The projected impact on net cost of attendance after aid by family income level is shown in the following graphs. These graphs show projected change in net cost of attendance with (bars representing cohorts) or without (solid line) implementing the increase in the CBF. Contributors to cost of attendance include tuition, fees, room & board, books and travel. For contributors other than tuition, costs increase each year due to cost-of-living adjustments, salary adjustments and cost of inputs (e.g. room and board). The various bars represent different cohorts following the implementation of the proposed plan. The difference between the line (status quo) and the bars represents the reduction ($150,000 parent income and below) or increase (>$150,000 parent income) in net cost of attendance.

Projected Net Cost of Attendance $0-$20,000 Parent Income

Cohort One Cohort Two Cohort Three Cohort Four Cohort Five Status Quo
2022-23 $13,752 $14,176
2023-24 $13,958 $13,958 $14,695
2024-25 $14,179 $14,179 $14,179 $15,268
2025-26 $14,365 $14,365 $14,365 $14,365 $15,900
2026-27 $14,565 $14,565 $14,565 $14,565 $14,565 $16,550

Projected Net Cost of Attendance $20,001-$60,000 Parent Income

Cohort One Cohort Two Cohort Three Cohort Four Cohort Five Status Quo
2022-23 $14,978 $15,323
2023-24 $15,378 $15,378 $15,842
2024-25 $15,666 $15,666 $15,666 $16,415
2025-26 $15,952 $15,952 $15,952 $15,952 $17,047
2026-27 $16,319 $16,319 $16,319 $16,319 $16,319 $17,697

Projected Net Cost of Attendance $60,001-$90,000 Parent Income

Cohort One Cohort Two Cohort Three Cohort Four Cohort Five Status Quo
2022-23 $22,642 $22,827
2023-24 $22,945 $22,945 $22,945 $23,346
2024-25 $23,254 $23,254 $23,254 $23,919
2025-26 $23,750 $23,750 $23,750 $23,750 $24,550
2026-27 $24,150 $24,150 $24,150 $24,150 $24,150 $25,201

Projected Net Cost of Attendance $90,001-$120,000 Parent Income

Cohort One Cohort Two Cohort Three Cohort Four Cohort Five Status Quo
2022-23 $26,309 $26,414
2023-24 $26,696 $26,828 $26,933
2024-25 $27,117 $27,269 $27,401 $27,506
2025-26 $27,574 $27,749 $27,901 $28,033 $28,137
2026-27 $28,024 $28,225 $28,399 $28,551 $28,683 $28,788

Projected Net Cost of Attendance $120,001-$150,000 Parent Income

Cohort One Cohort Two Cohort Three Cohort Four Cohort Five Status Quo
2022-23 $28,092 $28,117
2023-24 $28,491 $28,611 $28,635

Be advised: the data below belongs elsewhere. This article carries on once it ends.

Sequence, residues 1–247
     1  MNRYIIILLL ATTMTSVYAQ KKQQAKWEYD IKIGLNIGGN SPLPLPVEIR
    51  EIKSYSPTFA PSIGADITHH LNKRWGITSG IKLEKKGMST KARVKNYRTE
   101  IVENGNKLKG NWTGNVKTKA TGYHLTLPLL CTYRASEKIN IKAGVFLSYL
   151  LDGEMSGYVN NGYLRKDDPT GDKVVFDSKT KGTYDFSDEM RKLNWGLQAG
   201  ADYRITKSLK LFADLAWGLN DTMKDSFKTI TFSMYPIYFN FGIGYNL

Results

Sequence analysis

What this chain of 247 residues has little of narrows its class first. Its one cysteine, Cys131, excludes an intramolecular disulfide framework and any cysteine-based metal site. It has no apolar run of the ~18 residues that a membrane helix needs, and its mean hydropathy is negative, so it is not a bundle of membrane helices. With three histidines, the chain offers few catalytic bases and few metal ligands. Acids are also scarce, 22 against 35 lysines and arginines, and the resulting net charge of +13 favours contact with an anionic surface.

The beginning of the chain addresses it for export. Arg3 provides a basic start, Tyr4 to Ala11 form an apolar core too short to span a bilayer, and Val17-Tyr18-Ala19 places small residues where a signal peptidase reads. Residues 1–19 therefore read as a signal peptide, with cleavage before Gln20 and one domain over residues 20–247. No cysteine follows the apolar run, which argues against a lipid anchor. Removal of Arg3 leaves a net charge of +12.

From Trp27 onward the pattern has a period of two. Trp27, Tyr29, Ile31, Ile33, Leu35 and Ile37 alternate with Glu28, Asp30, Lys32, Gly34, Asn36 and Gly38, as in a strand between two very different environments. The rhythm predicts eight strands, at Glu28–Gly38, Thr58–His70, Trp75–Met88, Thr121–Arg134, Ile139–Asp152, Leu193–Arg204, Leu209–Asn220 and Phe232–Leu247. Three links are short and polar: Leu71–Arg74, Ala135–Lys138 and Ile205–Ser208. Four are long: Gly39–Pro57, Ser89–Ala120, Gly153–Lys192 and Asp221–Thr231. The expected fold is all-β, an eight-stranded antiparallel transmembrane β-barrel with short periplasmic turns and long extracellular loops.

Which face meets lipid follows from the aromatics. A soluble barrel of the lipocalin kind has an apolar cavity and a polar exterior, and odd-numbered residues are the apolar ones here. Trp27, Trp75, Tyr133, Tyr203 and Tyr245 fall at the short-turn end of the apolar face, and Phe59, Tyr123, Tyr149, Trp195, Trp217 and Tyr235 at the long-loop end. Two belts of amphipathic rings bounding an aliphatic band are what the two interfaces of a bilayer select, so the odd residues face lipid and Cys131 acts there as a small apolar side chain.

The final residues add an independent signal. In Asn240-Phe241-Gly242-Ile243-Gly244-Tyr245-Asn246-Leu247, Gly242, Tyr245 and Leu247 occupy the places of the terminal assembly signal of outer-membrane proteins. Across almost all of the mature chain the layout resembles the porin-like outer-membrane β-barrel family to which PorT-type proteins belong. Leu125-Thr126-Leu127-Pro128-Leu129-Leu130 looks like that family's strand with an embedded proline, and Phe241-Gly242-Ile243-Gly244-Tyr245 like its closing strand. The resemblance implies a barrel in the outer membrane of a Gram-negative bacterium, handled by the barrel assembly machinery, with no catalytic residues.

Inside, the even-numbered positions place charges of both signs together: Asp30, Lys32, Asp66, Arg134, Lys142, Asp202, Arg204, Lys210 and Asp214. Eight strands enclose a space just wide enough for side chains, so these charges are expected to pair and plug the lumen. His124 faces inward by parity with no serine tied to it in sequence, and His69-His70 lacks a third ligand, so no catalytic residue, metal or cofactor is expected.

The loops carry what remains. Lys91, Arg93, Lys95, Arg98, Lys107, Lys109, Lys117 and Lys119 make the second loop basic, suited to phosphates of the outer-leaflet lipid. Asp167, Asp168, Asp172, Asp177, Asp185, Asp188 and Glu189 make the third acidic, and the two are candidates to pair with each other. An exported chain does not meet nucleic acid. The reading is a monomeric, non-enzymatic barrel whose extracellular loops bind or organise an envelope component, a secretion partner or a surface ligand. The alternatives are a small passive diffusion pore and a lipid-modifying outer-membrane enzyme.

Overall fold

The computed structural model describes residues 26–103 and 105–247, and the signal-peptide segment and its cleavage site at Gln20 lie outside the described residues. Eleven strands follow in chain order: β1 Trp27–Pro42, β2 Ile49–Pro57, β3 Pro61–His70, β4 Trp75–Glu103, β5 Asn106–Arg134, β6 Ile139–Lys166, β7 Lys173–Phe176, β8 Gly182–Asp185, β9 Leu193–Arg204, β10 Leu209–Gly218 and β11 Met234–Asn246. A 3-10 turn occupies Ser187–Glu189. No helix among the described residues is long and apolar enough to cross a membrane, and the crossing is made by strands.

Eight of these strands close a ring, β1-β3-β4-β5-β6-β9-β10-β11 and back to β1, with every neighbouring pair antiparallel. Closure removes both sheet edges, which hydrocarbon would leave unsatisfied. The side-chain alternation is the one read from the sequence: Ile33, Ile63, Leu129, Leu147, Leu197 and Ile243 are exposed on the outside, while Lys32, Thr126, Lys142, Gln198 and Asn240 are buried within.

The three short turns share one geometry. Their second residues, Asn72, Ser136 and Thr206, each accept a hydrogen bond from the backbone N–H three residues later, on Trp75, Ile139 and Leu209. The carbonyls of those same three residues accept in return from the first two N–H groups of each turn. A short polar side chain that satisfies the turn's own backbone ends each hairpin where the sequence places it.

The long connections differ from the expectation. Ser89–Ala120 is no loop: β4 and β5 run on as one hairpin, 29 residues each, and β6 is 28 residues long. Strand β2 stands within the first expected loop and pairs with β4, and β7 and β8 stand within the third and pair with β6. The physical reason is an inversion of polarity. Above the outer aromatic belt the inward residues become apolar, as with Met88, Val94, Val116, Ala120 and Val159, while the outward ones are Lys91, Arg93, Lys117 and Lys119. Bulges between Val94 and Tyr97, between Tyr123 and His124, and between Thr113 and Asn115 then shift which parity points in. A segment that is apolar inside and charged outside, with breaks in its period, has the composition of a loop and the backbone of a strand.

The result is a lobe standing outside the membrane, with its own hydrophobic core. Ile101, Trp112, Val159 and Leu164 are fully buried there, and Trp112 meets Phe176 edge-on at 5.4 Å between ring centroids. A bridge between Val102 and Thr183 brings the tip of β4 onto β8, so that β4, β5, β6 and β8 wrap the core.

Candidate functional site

2024-25 $28,926 $29,064 $29,184 $29,209
2025-26 $29,399 $29,558 $29,696 $29,816 $29,840
2026-27 $29,867 $30,049 $30,208 $30,346 $30,466 $30,491

Projected Net Cost of Attendance Greater than $150,001 Parent Income

Cohort One Cohort Two Cohort Three Cohort Four Cohort Five Status Quo
2022-23 $30,139 $29,363
2023-24 $30,657 $31,433 $29,882
2024-25 $31,231 $32,006 $32,781 $30,455
2025-26 $31,862 $32,638 $33,413 $34,188 $31,087
2026-27 $32,513 $33,288 $34,063 $34,839 $35,236 $31,737

Keeping in mind that the UCs are the major competitors for Cal Poly and given our polytechnic nature, the following graph shows the increase in cost of attendance for the three high investment colleges for residential undergraduate students with family incomes over $150,000 without implementation of the plan and the increase in CBF by cohort as compared to the UC plan with 90% of the UC level depicted. Our increase for these colleges was targeted to meet the financial aid and scholarship requirements and a portion of the funding required for our polytechnic model while staying less than 90% of the cost of attendance for residential undergraduates enrolled in the UC.

Projected Cost of Attendance for UC Plan, UC Plan @ 90% and Cal Poly Status Quo or New Plan for Three High Investment Majors for Students From Families with >150,000 Annual Income

F21 F22 F23 F24 F25 F26 F27 F28
Status Quo - No Change in CBF $28,934 $29,363 $29,882 $30,455 $31,087 $31,737 $32,407 $33,097
New Plan - 22-23 Cohort $30,139 $30,657 $31,231 $31,862 $32,513 $33,183 $33,873
New Plan - 23-24 Cohort $31,433 $32,006 $32,638 $33,288 $33,958 $34,648
New Plan - 24-25 Cohort $32,781 $33,413 $34,063 $34,733 $35,423
New Plan - 25-26 Cohort and Beyond $34,188 $34,839 $35,509 $36,199
UC Model $34,500 $35,000 $36,250 $37,750 $38,750 $39,750 $41,000 $42,250
Uc Model - 90% $31,050 $31,500 $32,625 $33,975 $34,875 $35,775 $36,900 $38,025

NOTE: We don't have the exact data from the UC, so we had to extrapolate from a chart on their Plan in a Board of Regents Report

Major impacts:

  • Implementing the plan and establishing CBF Student Aid will significantly decrease the net cost of attendance for students with family incomes less than or equal to $90,000 per year because they will be receiving larger financial aid packages thanks to CBF Student Aid. In addition, students from families with incomes between $90,000 and $150,000 will pay less than they would if we do not implement the plan.